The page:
I'm happy to be giving a reading and conducting writing workshops at the 2013 Ministry of Writing Colloquium at Earlham School of Religion in Richmond, IN. You can read about the event here.
Poet Jack Myers (1941-2009) is a poet to whom I return often, finding his poems full of good humor, humility, and all-out quirkiness. There is a quiet wisdom, too, in his seemingly nonchalant lines. His collection As Long As You’re Happy was selected by Seamus Heaney for the National Poetry Series and appeared in 1986. Other collections include Blindsided, The
Glowing River: New and Selected Poems, and The Memory of Water
(which appeared after he died).
I recently reread the poem below and laughed out loud even though I was sitting in a coffee shop and others turned toward me to see what was so funny. Somehow, such a moment seemed perfect for what happens in a Jack Myers poem.
For one thing, I admire how he brings together the awkward, the serious, and the comic while simultaneously finding a way to create a connection between himself and others. Such humanity is what I find refreshing in his poems. He can make me laugh while, underneath, nudging me toward recognizing the “mysterious and useless” and the daily intersections between the plainspoken and the poetic.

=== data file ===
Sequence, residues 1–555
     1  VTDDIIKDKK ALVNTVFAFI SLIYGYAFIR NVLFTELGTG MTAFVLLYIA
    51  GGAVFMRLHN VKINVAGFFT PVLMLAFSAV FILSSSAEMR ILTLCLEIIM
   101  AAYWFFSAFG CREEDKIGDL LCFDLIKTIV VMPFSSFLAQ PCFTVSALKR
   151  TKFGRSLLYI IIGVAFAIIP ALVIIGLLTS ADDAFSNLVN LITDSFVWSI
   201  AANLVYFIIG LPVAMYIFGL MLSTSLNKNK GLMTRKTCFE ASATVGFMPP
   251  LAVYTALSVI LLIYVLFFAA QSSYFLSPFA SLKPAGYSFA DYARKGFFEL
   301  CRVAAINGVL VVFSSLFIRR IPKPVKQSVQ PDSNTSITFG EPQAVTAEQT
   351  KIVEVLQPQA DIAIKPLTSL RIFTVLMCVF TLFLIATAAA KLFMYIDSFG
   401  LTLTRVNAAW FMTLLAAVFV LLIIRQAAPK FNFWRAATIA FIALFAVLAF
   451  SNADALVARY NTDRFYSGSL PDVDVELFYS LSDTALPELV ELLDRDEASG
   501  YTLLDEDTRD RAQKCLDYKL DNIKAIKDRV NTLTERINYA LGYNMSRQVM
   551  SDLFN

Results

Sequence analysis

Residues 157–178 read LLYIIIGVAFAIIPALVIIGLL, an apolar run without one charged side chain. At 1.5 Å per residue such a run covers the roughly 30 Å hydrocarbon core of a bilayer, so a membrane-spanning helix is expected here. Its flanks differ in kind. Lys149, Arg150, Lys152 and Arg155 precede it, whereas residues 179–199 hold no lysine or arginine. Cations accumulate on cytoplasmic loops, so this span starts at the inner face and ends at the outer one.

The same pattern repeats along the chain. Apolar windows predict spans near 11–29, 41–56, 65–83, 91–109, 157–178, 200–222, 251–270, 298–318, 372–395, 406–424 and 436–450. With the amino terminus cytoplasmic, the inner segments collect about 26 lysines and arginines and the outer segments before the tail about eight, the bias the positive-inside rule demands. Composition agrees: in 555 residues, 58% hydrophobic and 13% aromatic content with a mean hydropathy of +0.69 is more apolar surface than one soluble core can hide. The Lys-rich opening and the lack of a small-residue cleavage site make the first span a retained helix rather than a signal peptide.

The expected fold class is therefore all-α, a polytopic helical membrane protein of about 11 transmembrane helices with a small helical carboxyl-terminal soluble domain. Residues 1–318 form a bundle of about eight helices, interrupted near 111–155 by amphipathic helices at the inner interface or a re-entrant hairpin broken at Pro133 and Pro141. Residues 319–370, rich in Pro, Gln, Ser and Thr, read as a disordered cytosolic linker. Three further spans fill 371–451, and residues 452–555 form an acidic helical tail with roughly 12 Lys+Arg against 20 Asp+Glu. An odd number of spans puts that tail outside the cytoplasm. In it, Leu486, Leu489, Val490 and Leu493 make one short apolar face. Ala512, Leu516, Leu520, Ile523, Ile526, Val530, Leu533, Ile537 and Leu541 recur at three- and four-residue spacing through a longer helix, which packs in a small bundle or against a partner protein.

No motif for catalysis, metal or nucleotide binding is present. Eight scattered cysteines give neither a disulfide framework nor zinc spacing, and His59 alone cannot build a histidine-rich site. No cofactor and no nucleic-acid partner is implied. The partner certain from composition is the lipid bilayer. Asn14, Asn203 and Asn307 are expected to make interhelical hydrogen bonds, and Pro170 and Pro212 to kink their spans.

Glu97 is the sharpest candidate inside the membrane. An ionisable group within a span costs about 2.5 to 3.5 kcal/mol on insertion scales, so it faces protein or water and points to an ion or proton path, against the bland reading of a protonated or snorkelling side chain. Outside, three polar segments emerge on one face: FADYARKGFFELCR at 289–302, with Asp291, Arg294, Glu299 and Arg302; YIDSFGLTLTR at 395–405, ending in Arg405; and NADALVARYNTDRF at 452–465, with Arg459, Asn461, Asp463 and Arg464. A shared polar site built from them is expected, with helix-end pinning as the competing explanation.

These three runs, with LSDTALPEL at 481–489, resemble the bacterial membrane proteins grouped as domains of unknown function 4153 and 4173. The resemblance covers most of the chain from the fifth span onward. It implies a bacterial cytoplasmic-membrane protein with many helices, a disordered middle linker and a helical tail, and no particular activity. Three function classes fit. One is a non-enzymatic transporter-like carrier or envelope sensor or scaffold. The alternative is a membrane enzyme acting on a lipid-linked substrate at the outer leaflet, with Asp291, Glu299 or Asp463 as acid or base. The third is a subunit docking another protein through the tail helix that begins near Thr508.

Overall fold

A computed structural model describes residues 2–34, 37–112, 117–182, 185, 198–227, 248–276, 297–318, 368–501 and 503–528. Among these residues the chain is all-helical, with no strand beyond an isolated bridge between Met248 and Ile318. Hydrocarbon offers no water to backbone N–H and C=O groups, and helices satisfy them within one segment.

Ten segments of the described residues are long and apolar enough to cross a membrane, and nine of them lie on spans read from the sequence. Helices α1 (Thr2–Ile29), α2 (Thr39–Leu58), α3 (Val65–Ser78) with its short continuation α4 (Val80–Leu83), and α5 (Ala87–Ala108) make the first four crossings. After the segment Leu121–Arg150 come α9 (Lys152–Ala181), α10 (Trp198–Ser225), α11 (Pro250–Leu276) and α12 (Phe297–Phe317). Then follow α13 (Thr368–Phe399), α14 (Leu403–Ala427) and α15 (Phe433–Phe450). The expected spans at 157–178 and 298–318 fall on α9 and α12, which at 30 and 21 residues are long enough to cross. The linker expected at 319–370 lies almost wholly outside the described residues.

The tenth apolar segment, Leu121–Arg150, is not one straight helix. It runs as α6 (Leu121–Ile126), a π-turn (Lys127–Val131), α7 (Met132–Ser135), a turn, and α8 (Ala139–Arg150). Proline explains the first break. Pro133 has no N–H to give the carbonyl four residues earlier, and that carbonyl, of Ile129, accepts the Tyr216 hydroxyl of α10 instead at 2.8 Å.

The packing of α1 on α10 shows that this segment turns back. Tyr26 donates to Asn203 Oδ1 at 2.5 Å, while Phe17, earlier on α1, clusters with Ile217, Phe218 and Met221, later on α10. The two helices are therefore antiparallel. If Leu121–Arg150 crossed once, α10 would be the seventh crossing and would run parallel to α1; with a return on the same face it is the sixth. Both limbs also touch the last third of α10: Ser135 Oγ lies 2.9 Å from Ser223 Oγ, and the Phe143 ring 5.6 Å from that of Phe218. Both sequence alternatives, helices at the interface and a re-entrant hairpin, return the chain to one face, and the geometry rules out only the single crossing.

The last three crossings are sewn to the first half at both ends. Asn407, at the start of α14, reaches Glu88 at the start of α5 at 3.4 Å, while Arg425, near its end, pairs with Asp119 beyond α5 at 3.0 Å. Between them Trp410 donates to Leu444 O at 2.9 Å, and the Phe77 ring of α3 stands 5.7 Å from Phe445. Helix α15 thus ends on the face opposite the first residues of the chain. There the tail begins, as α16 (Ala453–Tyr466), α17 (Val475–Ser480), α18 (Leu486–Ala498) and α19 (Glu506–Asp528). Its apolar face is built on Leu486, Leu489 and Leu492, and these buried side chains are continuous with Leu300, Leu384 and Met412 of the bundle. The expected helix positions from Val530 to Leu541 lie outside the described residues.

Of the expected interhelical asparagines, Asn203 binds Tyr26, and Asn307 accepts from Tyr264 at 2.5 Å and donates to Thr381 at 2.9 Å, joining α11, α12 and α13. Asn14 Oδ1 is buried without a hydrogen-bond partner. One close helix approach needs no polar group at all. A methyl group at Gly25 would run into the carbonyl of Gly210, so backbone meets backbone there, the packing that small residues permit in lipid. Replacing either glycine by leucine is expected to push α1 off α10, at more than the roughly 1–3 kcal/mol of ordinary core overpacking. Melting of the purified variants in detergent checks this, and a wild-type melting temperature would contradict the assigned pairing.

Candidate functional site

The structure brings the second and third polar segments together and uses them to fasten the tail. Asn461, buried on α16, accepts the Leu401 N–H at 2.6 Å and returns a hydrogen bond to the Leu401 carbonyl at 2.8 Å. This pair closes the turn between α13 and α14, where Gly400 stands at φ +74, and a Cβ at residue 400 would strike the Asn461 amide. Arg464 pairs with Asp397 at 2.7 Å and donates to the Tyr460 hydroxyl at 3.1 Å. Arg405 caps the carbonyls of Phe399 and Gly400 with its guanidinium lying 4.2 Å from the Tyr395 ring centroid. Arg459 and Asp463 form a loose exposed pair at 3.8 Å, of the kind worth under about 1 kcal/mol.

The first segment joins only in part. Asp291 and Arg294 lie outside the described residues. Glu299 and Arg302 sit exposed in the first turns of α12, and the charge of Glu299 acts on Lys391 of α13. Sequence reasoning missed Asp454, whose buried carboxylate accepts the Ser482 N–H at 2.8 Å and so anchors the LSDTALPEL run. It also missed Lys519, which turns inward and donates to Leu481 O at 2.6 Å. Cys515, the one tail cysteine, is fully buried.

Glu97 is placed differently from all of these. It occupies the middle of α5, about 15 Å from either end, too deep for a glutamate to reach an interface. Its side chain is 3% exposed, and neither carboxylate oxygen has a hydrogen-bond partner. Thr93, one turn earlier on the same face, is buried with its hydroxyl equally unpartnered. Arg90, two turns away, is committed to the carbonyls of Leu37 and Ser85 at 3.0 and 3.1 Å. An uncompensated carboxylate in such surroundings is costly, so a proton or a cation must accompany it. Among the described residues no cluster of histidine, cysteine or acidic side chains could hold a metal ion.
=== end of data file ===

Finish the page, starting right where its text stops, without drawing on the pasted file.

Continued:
Read the poem below and then leap into one of your own—one where you explore your essential nature within the context of interactions with other people. Think of people who cross your path. In the way that Myers portrays the woman who “pipes up she’s four-foot-ten and is going to sue/whoever made these seats,” reveal the world through which you travel.
Within the context of this world, of what are you “reminded”? Speak of the “one small thing” you’ve learned in your own life.
When the man in the window seat
flying next to me
asks me who I am
and I tell him I’m a poet,
he turns embarrassed toward the sun.
The woman on the other side of me
pipes up she’s four-foot-ten and is going to sue
whoever made these seats.
And so it is I’m reminded how I wish I were
one of the aesthetes
floating down double-lit canals
of quiet listening, the ones
who come to know something as
mysterious and useless
as when a tree has decided to sleep.
You would think for them
pain lights up the edges of everything,
burns right through the center of every leaf,
but I’ve seen them strolling around,
their faces glistening with the sort of peace
only sleep can polish babies with.
And so when a waitress in San Antonio
asks me what I do, and I think
how the one small thing I’ve learned
seems more complex the more I think of it,
how the joys of it have overpowered me
long after I don’t understand,
I tell her “Corned beef on rye, a side of salad,
hold the pickle, I’m a poet,” and she stops to talk
about her little son who, she says, can hurt himself
even when he’s sitting still. I tell her
there’s a poem in that, and she repeats
“Hold the pickle, I’m a poet,”
then looks at me and says, “I know.”
Notes for a Praise Book was featured in the October 20th, 2013 edition of The Daily Herald. Check it out here.